In a new study, abnormalities were found on the lungs of Long COVID patients who did not experience any severe symptoms of the disease but were experiencing breathlessness as a result of it.
A recent study carried out by Explain used the gas xenon as part of MRI tests to investigate the possibility of lung damage in non-hospitalized patients who continue to experience the symptoms despite not being admitted.
Radiologists could observe how the gas was transported from the lungs into the bloodstream. This was part of a study during which patients were instructed to inhale one litre of the gas which behaved similarly to oxygen in the lungs.
Although other tests, including CT scans, came back as normal in the long Covid patients, the initial results of this study suggested there was a significant reduction in gas transfer from the lungs to the bloodstream.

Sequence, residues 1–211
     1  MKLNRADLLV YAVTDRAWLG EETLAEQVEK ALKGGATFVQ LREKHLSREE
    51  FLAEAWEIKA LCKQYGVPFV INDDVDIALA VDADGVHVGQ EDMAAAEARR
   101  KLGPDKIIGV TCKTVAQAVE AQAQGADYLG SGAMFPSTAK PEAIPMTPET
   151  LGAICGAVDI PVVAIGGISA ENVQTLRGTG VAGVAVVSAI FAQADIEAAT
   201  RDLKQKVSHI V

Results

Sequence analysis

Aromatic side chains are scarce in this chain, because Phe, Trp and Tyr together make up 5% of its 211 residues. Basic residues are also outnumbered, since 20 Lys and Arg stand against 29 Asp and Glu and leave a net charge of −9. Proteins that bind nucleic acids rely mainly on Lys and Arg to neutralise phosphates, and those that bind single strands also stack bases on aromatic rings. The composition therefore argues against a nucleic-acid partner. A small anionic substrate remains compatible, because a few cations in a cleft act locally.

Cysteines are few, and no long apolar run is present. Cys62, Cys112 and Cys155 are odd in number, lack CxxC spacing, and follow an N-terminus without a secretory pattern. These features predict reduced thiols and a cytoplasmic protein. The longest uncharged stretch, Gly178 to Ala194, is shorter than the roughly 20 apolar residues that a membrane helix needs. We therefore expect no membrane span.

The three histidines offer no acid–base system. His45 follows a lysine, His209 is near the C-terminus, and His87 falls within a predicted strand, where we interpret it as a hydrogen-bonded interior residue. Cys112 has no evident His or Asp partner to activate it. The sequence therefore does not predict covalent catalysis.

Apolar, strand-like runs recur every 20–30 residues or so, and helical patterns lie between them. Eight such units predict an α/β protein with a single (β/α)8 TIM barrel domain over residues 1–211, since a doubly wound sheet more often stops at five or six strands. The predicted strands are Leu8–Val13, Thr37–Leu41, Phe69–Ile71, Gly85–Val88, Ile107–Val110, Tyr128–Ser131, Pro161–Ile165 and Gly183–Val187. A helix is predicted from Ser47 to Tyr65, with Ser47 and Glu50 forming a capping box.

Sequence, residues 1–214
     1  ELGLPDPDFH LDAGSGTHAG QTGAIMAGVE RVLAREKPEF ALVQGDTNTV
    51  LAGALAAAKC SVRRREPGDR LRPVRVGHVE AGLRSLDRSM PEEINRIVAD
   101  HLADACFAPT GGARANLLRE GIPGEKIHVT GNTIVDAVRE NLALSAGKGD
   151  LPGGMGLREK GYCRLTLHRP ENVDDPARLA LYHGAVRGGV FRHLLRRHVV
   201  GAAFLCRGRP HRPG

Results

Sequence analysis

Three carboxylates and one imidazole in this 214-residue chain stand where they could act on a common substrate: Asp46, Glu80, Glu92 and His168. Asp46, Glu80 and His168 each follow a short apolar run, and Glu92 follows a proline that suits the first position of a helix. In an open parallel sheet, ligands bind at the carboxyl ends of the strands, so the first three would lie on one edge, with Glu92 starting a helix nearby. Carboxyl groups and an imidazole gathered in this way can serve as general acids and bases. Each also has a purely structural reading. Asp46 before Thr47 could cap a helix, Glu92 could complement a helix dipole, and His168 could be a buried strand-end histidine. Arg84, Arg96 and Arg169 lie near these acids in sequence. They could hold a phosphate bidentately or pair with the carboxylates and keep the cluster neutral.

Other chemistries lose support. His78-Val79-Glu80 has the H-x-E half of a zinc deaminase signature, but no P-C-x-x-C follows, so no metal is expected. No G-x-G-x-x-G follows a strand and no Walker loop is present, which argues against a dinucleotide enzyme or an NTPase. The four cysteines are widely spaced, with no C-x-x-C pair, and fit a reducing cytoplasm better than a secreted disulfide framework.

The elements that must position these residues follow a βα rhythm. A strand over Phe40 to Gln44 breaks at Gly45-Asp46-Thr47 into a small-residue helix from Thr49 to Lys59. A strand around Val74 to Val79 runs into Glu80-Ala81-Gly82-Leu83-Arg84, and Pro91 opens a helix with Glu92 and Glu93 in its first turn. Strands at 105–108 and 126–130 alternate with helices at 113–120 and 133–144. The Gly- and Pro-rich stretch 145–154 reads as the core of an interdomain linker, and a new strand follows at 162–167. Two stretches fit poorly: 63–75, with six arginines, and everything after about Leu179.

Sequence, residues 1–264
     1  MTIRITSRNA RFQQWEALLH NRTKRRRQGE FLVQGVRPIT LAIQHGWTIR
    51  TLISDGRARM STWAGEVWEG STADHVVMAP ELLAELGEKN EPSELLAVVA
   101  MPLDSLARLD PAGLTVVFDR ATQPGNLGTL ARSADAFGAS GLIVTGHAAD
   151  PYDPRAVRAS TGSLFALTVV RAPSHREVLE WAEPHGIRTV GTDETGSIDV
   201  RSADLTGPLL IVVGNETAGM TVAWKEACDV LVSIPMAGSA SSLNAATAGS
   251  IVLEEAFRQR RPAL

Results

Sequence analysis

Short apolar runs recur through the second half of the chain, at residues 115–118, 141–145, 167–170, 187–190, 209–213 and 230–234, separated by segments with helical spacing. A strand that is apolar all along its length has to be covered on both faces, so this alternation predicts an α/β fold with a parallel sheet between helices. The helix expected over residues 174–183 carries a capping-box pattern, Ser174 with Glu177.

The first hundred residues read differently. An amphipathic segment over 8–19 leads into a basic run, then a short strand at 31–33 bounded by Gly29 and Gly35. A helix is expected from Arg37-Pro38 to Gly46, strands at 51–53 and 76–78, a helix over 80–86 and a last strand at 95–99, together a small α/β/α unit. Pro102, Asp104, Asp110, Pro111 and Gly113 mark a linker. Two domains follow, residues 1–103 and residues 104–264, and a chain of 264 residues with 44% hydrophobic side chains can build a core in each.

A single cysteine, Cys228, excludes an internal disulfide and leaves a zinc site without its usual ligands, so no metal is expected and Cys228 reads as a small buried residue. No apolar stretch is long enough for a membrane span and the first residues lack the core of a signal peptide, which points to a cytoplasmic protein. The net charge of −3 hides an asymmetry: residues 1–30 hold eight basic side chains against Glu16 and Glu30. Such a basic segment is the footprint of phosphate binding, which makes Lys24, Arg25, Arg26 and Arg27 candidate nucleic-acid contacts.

Dr Fergus Gleeson is a consultant at the University of Oxford School of Medicine and a professor of Radiology. He was the chief investigator of the study, indicating that similar abnormalities had been discovered in patients studied after being hospitalized.
There have been patients with Covid-19 infection who had never been in a hospital setting, nor did they have a severe acute illness at the time of their infection. Some patients have been experiencing symptoms for almost a year now after contracting Covid-19.
The time has come to direct our attention to answers to critical questions such as how many patients with long-term covid will have abnormal scans, what significance the abnormality has, as well as the cause and long-term effects of the abnormality.
“As soon as we understand the mechanisms underlying these symptoms of long covid, we will be able to design more effective treatments for these different illnesses.”
Due to the fact that these findings have not yet been peer-reviewed, the Explain study will recruit approximately 400 participants. This will enable us to extend these preliminary results on a larger scale.